Dan Creamer, Sandpoint, ID. I grew up in the Jim Crow South. Being white I always felt both guilty and angry about the way black people were treated. In the Marine Corps, I accepted a bottle of wine from a black Marine and drank from it without wiping off the bottle or my mouth and […]
Alan S. Doctor, Cambria, CA. I was born in San Francisco on 15 Sep 1930. Dad was Scotch/English and Mom was Polish with a dash of German. Both 1st generation born in USA. My neighborhood friends were Hispanic, Oriental, white and refugee Jews from Germany. In high school I liked to walk home through the […]
Jeff, Arvada, CO. I was raised in a military town with such overwhelming diversity that I didn’t realize race was an issue until I was 12 and went into foster care. Suddenly I was surrounded by a predominantly African-American group that hated me because I was white. Now let me be clear I didn’t assume […]
Johnny B., USA. Growing up in thee northeast US, in a multi-racial mixed racial attitude combined with military and college education has afforded me a peaceful coexistence.
Ernest Leon Tyree Jr Dravosburg, PA After spending 12 years in the military I learned a lot about fear and the power it holds. One the most powerful motivators is fear which is unfortunate, that being said the person who holds the power has a great responsibility to know that people fear them and to […]
Monique Hollis-Perry Alpine, CA Military bases overseas were homes to many biracial families like mine, and my sister and I went to school with classmates who looked like us. It was many years and thousands of miles from being sent to Fort Gordon, GA as a test case in the 1960s to see how (or […]
Amber Jackson Baswell, Columbus, MS. As a military brat I was naïve, sheltered. It was only when my father was stationed in the deep South that “RACE” entered my vocabulary. I was shocked as a 15 year old (back in ’95) to see that churches, schools, hangouts, even the local beauty pageants were segregated! Blew […]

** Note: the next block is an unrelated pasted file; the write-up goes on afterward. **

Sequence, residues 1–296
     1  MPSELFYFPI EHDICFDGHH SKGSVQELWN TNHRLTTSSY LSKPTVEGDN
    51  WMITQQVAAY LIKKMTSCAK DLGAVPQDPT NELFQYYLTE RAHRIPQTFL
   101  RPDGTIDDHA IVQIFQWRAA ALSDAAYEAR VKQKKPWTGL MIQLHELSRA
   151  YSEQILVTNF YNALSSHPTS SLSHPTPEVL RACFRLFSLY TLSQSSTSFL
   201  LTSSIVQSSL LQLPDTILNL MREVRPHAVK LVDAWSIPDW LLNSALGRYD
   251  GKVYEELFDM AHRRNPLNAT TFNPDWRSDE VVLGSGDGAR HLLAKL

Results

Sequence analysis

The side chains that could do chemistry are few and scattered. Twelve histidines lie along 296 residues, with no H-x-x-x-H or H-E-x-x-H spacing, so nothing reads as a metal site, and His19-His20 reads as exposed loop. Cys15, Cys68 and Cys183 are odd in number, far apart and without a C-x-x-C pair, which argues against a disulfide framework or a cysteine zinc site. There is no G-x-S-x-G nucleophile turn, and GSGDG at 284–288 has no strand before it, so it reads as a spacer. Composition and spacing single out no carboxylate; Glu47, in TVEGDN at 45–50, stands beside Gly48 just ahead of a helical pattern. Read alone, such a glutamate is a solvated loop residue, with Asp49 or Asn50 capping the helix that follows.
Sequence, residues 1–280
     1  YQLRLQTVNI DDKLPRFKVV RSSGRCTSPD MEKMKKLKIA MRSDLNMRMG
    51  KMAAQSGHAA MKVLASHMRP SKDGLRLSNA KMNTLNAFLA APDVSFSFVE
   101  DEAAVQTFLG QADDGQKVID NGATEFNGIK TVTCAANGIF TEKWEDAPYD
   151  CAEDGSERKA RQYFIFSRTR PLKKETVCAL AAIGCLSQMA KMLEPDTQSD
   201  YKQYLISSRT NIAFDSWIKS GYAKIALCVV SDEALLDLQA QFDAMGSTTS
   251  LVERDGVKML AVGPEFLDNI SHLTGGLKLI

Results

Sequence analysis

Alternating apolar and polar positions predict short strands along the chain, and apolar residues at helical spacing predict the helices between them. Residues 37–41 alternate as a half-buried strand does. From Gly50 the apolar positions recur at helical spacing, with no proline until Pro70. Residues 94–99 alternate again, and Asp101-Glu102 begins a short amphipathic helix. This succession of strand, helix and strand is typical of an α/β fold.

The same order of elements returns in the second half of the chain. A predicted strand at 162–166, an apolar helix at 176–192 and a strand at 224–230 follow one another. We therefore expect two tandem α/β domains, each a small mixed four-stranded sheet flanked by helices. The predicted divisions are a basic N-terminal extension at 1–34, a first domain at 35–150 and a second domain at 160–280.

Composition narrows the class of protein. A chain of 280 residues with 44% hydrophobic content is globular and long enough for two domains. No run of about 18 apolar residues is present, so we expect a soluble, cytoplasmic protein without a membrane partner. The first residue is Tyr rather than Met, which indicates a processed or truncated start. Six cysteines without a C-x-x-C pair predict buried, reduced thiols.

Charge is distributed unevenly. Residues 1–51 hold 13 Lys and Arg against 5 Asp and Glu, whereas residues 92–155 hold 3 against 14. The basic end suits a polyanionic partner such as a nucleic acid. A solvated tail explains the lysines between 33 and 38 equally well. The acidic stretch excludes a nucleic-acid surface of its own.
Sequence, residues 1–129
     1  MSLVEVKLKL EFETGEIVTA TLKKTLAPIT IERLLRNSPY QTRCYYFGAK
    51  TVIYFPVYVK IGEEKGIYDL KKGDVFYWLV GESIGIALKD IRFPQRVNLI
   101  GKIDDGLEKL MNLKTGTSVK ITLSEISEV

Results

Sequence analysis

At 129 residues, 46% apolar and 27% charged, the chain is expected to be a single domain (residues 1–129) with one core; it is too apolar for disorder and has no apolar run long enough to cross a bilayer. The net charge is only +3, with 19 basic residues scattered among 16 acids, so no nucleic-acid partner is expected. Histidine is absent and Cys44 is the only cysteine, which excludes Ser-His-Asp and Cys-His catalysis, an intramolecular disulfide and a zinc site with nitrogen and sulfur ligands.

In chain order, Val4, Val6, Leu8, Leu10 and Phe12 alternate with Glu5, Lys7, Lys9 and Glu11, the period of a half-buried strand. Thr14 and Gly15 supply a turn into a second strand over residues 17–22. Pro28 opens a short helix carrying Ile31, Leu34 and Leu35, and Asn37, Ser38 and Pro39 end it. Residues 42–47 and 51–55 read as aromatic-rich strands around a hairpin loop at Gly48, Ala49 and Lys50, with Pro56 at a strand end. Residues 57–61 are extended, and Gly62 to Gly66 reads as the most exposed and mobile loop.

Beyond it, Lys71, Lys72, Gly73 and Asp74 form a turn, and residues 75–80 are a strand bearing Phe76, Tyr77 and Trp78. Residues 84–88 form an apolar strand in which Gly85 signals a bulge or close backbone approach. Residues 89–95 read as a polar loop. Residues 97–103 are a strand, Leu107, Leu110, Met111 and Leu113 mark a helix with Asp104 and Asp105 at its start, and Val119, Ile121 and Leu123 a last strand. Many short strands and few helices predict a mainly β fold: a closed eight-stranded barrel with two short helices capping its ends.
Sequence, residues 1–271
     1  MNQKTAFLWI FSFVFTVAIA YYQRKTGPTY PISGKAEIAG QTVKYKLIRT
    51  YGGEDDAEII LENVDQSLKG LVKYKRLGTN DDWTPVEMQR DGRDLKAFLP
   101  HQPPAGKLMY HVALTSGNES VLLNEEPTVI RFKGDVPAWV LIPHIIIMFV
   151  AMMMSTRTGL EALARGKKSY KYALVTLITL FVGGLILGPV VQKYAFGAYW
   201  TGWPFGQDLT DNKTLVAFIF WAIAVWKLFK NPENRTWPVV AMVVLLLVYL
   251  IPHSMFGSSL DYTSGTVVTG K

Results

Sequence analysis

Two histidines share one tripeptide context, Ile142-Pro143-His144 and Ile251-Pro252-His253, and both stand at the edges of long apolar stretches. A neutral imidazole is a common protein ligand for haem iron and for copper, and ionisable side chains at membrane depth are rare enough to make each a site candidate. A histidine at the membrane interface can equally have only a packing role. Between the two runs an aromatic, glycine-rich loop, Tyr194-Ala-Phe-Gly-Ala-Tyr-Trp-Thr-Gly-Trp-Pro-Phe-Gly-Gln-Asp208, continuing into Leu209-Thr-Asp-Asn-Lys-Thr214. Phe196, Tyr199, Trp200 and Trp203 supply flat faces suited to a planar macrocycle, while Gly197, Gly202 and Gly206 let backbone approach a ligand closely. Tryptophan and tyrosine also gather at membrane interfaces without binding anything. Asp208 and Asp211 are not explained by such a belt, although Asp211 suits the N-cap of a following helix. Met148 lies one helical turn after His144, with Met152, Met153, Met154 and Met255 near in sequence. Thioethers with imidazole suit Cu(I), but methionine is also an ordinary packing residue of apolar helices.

Dwayne Lee Fries, Columbus, OH. My name is Dwayne, and I’m white. Hi Dwayne! I was unwittingly named Dwayne. Two weeks before my taking over an inner city restaurant as a General Manager, my name was on a schedule. I heard all the stories of how everyone was like, “finally, we got a brother in […]
Amber Nicole Gutierrez, Hemet, CA. Everyone grew up with a different life-style, just because I look of Mexican decent does not mean I am the same as every Mexican stereotype. I am an American and have grew up in the middle of both worlds of “American” and “Mexican”. I understand Spanish and speak some. I […]
Anonymous, Houston, TX. It’s hard being a young “smart” black man, especially in the military. If to good at my job it’s because “we helped you out more because we don’t want you to think we where racists” then if I’m not good at my job its. “Well you know black people are lazy…” Plus […]
Bob Preston, Seattle, WA. On Location: Seattle Community Colleges I thought of this while being told about this project, immediately, and since it has helped me through my transition back to my regular life from military life.
Damon Williams, Florence, CO. I served four years in the 82nd Airborne Division from Jan 2001 to Jan 2005. Served in three tours and would do it all again for my family and fellow Americans! Airborne, H-Minus, All the way!